A Surrey man who accidentally dropped a one-kilogram brick of cocaine in front of Mounties who came to arrest him outside of his home in 2014 has lost an appeal of his conviction.
Amanpreet Singh Gill, 33, was sentenced to two years less a day after he was found guilty in B.C. Supreme Court in New Westminster of possessing cocaine for the purpose of trafficking.
The court heard that as he was being arrested on a warrant to get his fingerprints, Gill dropped an unsealed envelope. A police officer saw inside it while putting the envelope on the front passenger seat of his patrol car, recognized its contents as “likely” cocaine and seized it without a warrant, B.C. Appeal Court Justice Susan Griffin noted in her July 16 judgment.
The brick was then put in a locked box in the trunk and police later took a sample for a field test, which confirmed it was cocaine.
Griffin’s decision to dismiss Gill’s appeal was concurred in by Justices Lauri Ann Fenlon and Bruce Butler. She noted the Mounties had been investigating Gill’s “possible connection” to the sale of two kilograms of cocaine to a “police agent.”
They found Gill near the garage in front of his home and told him he had to go with them to the Surrey RCMP detachment to provide fingerprints, to which he replied he needed to go inside the house to tell his brother.
“The officers told him that he was not to enter the house and that he was being detained. However, the appellant persisted by pulling toward the door,” Griffin noted in her reasons for judgment. “The officers decided to physically ‘take down’ the appellant to prevent him from entering the home. After tackling him to the ground, the officers noticed an unsealed envelope had fallen to the ground from his body. The take down and discovery of the enveloped occurred over a matter of seconds.”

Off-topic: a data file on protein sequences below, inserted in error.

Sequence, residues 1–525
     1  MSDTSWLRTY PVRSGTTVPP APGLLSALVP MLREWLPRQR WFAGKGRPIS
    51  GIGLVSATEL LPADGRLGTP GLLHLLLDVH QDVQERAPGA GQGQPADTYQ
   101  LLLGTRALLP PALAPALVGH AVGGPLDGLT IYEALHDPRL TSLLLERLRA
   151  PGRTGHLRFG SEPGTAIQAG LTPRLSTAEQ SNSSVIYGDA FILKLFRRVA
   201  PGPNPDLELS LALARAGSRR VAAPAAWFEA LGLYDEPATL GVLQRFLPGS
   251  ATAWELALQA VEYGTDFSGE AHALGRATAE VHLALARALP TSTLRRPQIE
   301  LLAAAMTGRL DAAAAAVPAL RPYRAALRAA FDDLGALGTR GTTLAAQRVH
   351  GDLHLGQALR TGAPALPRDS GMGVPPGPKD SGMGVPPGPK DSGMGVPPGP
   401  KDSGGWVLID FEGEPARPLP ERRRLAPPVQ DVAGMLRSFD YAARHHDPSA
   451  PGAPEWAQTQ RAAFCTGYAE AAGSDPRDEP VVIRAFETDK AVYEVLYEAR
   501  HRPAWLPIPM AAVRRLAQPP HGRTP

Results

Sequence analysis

Gill appealed the trial judge’s decision that the police’s conduct met the test for the Plain View Doctrine, which Griffin described as a “creature of the common law” which permits a police officer to seize anything he or she reasonably believes to be evidence of the commission of a crime. In contrast, Section 8 of the Canadian Charter of Rights and Freedoms guarantees “the right to be secure against unreasonable search or seizure.”
Gill’s lawyer used a couch as an analogy, arguing that police cannot turn a couch upside-down and then say an item on the bottom is now in plain view.
“With respect,” Griffin replied, “this argument ignores the requirements of the Plain View Doctrine that the police are in the place lawfully and lawfully exercising their duties when the item comes into plain view.”
Griffin noted the trial judge had found the officer saw into the envelope “inadvertently, not through deliberate search, and the item was in plain view.
“The appellants have not shown that the judge made a palpable and overriding error in so finding,” Griffin decided. “I see no error in the judge’s application of the Plain View Doctrine, which were based on her findings of fact which were supported by the evidence.”
Gill also appealed his conviction on grounds of continuity. The court heard the envelope was moved from the locked box to a Surrey RCMP van, placed in a secured exhibits locker at the detachment, taken to the Nanaimo RCMP detachment by ferry and stored in a secured exhibits storage place there, then taken to a forensic identification officer to obtain samples to be analyzed by Health Canada.
“The appellant has not pointed to any palpable and overriding error in the judge’s findings regarding the continuity of the exhibit,” Griffin found. “The judge had evidence to support her findings and was entitled to make the findings she did.”